Crude trade enters bearish territory as investors react to Iran and Russia

ChinaCovid’s zero tolerance policy, combined with renewed hope that the Iran the nuclear deal can be revived led to more losses for crude on Tuesday, which also saw oil spill 20 percent over the past week and sliding into bear territory.

In what many analysts describe as the most volatile market ever (and a blessing for motorists everywhere), West Texas Intermediate for April delivery fell $6.57 settle at $6.44 per barrel.

Brent slipped $6.99 settle at $99.91 per barrel.

Crude is now trading below the $100 threshold, Rebecca Babinsenior energy trader at CIBC Private Wealth Managementsaid: “This is a market that trades on two strong emotions: hope and fear, [and] none of these things are going to change the imbalances between supply and demand.”

Pessimism over the Iran talks turned to cautious optimism on Tuesday after Russia Minister of Foreign Affairs Sergei Lavrov said sanctions against his country will not affect the Iran nuclear deal.

Lavrov was perhaps comforted by the fact that despite the sanctions, Russia is not cut off from other export partners: Surgutneftegas provide financing flexibility to certain customers to maintain the flow of crude, and India develops a mechanism to facilitate trade using local currencies.

Yet Russia is moving towards a $150 billion nightmare by default, according to Jonathan Princeportfolio manager at Greylock Capital Associates: he said: “In dollar terms, this will be the most impactful emerging market default since Argentina‘s; in terms of broader market impact, this is probably the most widely felt emerging market default since Russia itself in 1998.”

Swap markets put a 70 percent risk of payment default this year, and fitch reviews says it’s “imminent” – and when it does happen it’s sure to affect rough trading globally to some degree, investors say.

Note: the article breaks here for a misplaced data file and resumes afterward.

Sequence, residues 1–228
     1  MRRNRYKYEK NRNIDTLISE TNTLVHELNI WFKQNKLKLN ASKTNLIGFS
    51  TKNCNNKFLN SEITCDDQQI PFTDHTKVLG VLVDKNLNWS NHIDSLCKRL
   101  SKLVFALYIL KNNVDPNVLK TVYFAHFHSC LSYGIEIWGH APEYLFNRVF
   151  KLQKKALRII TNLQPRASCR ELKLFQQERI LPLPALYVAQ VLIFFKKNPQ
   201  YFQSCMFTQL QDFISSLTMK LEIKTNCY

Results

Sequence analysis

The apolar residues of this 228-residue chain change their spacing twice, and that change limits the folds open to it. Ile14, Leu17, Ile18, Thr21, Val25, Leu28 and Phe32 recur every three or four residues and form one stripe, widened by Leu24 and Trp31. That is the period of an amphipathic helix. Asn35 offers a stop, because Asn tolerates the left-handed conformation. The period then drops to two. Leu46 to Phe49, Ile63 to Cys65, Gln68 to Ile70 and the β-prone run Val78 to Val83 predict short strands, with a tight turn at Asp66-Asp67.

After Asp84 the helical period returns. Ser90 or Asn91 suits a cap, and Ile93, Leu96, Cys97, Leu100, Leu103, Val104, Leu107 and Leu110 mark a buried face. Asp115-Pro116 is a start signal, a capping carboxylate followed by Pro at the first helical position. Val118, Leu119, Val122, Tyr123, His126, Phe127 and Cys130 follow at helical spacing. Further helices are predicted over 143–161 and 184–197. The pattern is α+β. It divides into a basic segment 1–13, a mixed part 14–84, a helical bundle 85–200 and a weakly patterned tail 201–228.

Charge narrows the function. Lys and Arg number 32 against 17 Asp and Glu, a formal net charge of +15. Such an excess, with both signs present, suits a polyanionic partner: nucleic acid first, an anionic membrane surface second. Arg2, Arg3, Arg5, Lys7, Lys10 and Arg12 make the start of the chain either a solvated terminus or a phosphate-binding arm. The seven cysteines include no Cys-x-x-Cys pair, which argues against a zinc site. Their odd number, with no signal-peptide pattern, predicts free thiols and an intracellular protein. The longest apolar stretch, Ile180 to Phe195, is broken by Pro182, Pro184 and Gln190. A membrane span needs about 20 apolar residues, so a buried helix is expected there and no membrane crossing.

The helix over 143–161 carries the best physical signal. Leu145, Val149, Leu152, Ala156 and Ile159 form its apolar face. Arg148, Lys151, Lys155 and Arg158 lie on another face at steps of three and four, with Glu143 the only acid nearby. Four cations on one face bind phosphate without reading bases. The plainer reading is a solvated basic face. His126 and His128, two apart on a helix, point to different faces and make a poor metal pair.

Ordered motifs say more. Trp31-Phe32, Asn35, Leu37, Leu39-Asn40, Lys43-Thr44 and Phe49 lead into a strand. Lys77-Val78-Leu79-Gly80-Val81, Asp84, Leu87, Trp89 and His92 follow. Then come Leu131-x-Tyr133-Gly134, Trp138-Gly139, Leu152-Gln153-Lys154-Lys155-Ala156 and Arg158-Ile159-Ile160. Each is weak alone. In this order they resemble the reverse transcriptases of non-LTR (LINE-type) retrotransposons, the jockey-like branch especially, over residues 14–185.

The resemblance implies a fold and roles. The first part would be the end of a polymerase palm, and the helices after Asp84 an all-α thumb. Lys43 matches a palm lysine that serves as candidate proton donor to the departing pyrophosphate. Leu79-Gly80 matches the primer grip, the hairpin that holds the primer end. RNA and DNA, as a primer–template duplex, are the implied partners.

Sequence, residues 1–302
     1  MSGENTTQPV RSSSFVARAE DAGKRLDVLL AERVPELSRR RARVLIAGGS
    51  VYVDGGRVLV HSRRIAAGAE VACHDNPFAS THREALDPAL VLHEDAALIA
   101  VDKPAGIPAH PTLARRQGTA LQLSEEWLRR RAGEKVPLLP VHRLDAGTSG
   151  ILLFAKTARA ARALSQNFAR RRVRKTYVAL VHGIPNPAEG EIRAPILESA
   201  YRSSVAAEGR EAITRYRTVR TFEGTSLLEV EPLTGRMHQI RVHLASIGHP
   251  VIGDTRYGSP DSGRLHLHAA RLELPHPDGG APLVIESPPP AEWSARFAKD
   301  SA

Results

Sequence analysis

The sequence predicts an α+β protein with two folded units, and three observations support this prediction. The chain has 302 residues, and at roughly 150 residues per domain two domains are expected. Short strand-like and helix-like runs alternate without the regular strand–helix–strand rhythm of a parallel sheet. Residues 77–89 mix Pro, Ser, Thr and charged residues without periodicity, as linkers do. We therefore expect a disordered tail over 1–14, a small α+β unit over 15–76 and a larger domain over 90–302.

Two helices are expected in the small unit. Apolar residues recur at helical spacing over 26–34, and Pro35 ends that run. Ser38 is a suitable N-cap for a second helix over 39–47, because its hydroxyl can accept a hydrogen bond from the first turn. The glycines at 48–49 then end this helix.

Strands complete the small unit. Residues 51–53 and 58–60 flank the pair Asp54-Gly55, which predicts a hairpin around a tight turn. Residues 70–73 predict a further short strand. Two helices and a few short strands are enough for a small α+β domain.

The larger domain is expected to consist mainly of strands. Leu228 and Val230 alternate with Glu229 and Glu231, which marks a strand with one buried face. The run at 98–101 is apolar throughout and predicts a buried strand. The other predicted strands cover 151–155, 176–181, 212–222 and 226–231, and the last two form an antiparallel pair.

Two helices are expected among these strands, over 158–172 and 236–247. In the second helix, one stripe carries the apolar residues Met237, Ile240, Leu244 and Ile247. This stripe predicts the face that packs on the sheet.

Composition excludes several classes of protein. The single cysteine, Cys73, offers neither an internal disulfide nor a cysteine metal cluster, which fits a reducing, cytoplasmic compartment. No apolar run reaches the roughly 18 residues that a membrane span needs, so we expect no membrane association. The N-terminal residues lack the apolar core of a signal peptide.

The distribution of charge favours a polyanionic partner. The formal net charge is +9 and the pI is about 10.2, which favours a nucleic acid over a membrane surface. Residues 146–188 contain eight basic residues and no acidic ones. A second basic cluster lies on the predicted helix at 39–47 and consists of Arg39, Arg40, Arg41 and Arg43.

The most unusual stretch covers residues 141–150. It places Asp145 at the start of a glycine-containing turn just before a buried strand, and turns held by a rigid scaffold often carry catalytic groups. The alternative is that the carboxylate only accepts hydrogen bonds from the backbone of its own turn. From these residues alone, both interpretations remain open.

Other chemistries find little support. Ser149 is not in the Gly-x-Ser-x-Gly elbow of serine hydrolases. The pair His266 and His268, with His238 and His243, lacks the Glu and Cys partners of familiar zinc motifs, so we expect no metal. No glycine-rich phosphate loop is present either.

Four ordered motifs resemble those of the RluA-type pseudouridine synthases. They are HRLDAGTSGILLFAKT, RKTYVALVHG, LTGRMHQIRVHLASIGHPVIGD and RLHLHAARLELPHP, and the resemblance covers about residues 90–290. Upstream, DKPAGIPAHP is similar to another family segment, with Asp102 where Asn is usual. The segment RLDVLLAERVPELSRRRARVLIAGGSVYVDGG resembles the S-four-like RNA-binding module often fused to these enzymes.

During this time, the Organization of Petroleum Exporting Countries (OPEC) warned in its monthly report published on Tuesday that the Russian invasion of Ukraine has “so far led to a number of problems, including rising commodity prices, which are further aggravating global inflation… the effects of the conflict and in particular the impact of rising inflation, if they are maintained, will lead to a drop in consumption and investment at varying degrees.”

The report also supported the conviction of Saudi Arabia that the cartel produces enough to maintain market equilibrium: its members have increased their production by 440,000 barrels per day (bpd) to 28.47 million bpd in February, bringing the annual average to date to 28.25 million bpd, slightly above the average required this quarter.

As for Russia and Ukraine reaching a ceasefire, the message from the analytical community is: don’t hold your breath.

A research note from kpler said: “While reports of promising talks are welcome, it is difficult to see how either side at this stage would be willing to make any concessions that would be acceptable to either party. .

“In the current situation, it’s hard to see how crude oil prices aren’t undervalued.”

And regarding China maintaining its zero-tolerance lockdown policy even though most countries have chosen to live with the virus, Louise DicksonSenior Oil Market Analyst for Energy Rystadworried about the economic damage that this strategy entails: “It is estimated that a severe confinement in China could put 0.5 million bpd of oil consumption at risk, which would be further compounded by fuel shortages due to inflated energy prices.”

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